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Tuesday, May 17, 2016


Also called bedsharing, co-sleeping is the practice of sharing your bed with your infant. Co-sleeping practices are gaining in popularity, and I've noticed recently lots of discussion on the topic that is VERY negative in nature. Parents from both sides bash the other, with the idea that *they* know best and the other side is just ignorant. The biggest problem I've seen is misinformation from the pro co-sleeping side that no babies have died while co-sleeping. This is very untrue, and can be a problem for parents who are led to believe that it is much safer to co-sleep rather than put their baby in a crib. Here I will discuss the inherent risks of both co-sleeping and crib sleeping for babies.

Where's the risk?

With crib sleeping, we all know there is a risk of SIDS. We've also heard not to put certain things in the baby's crib such as soft bedding, pillows, and toys. But do we know why leaving these things out helps decrease SIDS risk? Most people assume that they are a suffocation hazard, because most people don't know the true cause of SIDS. (And most orthodox SIDS scientists don't either). They know that most babies found dead were either on their stomach, sleeping with a comforter, or sleeping on a pillow, etc. But the true cause is found not only in the baby's own mattress, but other products of synthetic materials that outgas a deadly nerve gas when fungus grows inside. You can read more about this Toxic Gas Theory for more knowledge on the subject.
Proponents of co-sleeping believe that their practice decreases the risk of SIDS. There is a very real possibility that babies that share the family bed are at less risk of dying from SIDS. This is only because many babies who co-sleep tend to sleep on their backs or in their mother's arms. This helps decrease the risk, because even though adult beds have the same toxic nerve gases as baby mattresses, the baby tends to breathe air away from the mattress which is fresher and contains little or none of the gases. But another risk comes into play that does not exist with crib sleeping. Actually, a number of risks. There is overlaying, falling from the bed, getting stuck between mattress and wall, getting covered by parents' blankets, and strangulation by various means. The Consumer Products Safety Commission collected these statistics:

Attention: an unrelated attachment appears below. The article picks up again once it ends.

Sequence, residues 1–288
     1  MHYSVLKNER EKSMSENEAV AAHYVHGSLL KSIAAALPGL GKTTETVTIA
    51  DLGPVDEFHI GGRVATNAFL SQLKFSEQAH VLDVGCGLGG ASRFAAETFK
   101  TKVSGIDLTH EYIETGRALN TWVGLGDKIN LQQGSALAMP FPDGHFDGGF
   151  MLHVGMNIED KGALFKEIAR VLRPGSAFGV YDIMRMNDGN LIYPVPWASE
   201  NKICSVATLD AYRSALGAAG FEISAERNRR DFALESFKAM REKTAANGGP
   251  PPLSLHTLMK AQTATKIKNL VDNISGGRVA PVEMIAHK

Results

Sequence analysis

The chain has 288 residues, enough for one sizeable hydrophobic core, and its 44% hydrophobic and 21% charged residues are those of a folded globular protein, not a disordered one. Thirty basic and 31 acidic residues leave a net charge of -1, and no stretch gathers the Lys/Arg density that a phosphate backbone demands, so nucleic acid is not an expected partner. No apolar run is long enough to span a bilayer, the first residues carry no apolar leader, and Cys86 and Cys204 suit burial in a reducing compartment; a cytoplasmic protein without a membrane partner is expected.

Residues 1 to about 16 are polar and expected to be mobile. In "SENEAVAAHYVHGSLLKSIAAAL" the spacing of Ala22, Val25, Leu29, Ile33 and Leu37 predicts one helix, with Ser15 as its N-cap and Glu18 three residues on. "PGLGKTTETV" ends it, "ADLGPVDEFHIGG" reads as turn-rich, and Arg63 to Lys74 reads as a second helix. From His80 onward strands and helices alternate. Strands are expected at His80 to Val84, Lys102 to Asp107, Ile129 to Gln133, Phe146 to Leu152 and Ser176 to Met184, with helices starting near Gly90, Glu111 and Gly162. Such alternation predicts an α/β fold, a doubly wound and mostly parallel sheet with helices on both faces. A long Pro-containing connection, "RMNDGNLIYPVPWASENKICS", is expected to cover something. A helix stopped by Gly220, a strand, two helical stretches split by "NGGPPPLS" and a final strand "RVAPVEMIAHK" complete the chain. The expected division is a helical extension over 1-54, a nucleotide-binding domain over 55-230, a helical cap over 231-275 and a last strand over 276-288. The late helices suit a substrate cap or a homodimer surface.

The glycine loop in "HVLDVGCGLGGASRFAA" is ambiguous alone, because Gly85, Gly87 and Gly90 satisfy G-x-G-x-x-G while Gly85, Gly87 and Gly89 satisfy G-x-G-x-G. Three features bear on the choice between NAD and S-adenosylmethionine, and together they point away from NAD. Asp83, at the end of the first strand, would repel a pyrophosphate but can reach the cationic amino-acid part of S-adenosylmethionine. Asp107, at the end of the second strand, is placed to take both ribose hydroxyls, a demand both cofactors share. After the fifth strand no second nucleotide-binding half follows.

A review of incident data from January 1990 to December 1997 linked adult beds to at least 515 baby deaths. Analysis of the deaths revealed four major hazard patterns:
  • Suffocation associated with the co-sleeping of adult and baby.
  • Suffocation where an infant becomes entrapped or wedged between the mattress and another object.
  • Suffocation due to airway obstruction when the baby is face down on a waterbed mattress.
  • Strangulation in rails or openings on beds that allow a baby's body to pass through while entrapping the head.
CPSC's study is the first to quantify the number of fatalities resulting from the practice of co-sleeping with babies. Of the 515 deaths, 121 were reported to be due to a parent, caregiver or sibling rolling on top of or against the baby while sleeping. More than three-quarters of these deaths occurred to infants younger than 3 months. The other 394 deaths resulted from suffocation or from strangulation caused by entrapment of the child's head in various structures of the bed. Entrapments occurred between the mattress and the wall, bed frame, headboard, footboard, bed railings or adjacent furniture.
The first thing most co-sleeping fans scream is, "but how many of those deaths were actually SIDS?!" This is because they do not understand what SIDS is. And let me go back to the whole reason they give for co-sleeping: it decreases the SIDS risk. Well, you can't have it both ways, so which is it?

IS Co-Sleeping Safer than Crib Sleeping?

If you compare the numbers, there are actually fewer deaths per year from co-sleeping than there are crib sleeping. But what we don't know is how many people actually co-sleep with their babies? Since most co-sleeping deaths are going to be labeled as those above, and not SIDS, we don't know how many of those 515 were actually SIDS. And if we don't know how many people co-sleep with their babies, it is hard to make a comparison. But this should be clear:  aside from SIDS risk, there are additional risks with co-sleeping that are missing with crib sleeping and those are the suffocation and strangulation risks above. Forgetting all SIDS statistics, 515 babies died while co-sleeping that would be alive today if they were sleeping in their own beds (assuming none of the deaths were SIDS deaths). Since there is no solid proof that co-sleeping decreases the SIDS risk, during co-sleeping you are introducing an additional risk to your baby that otherwise would not be there if the baby were sleeping in a crib.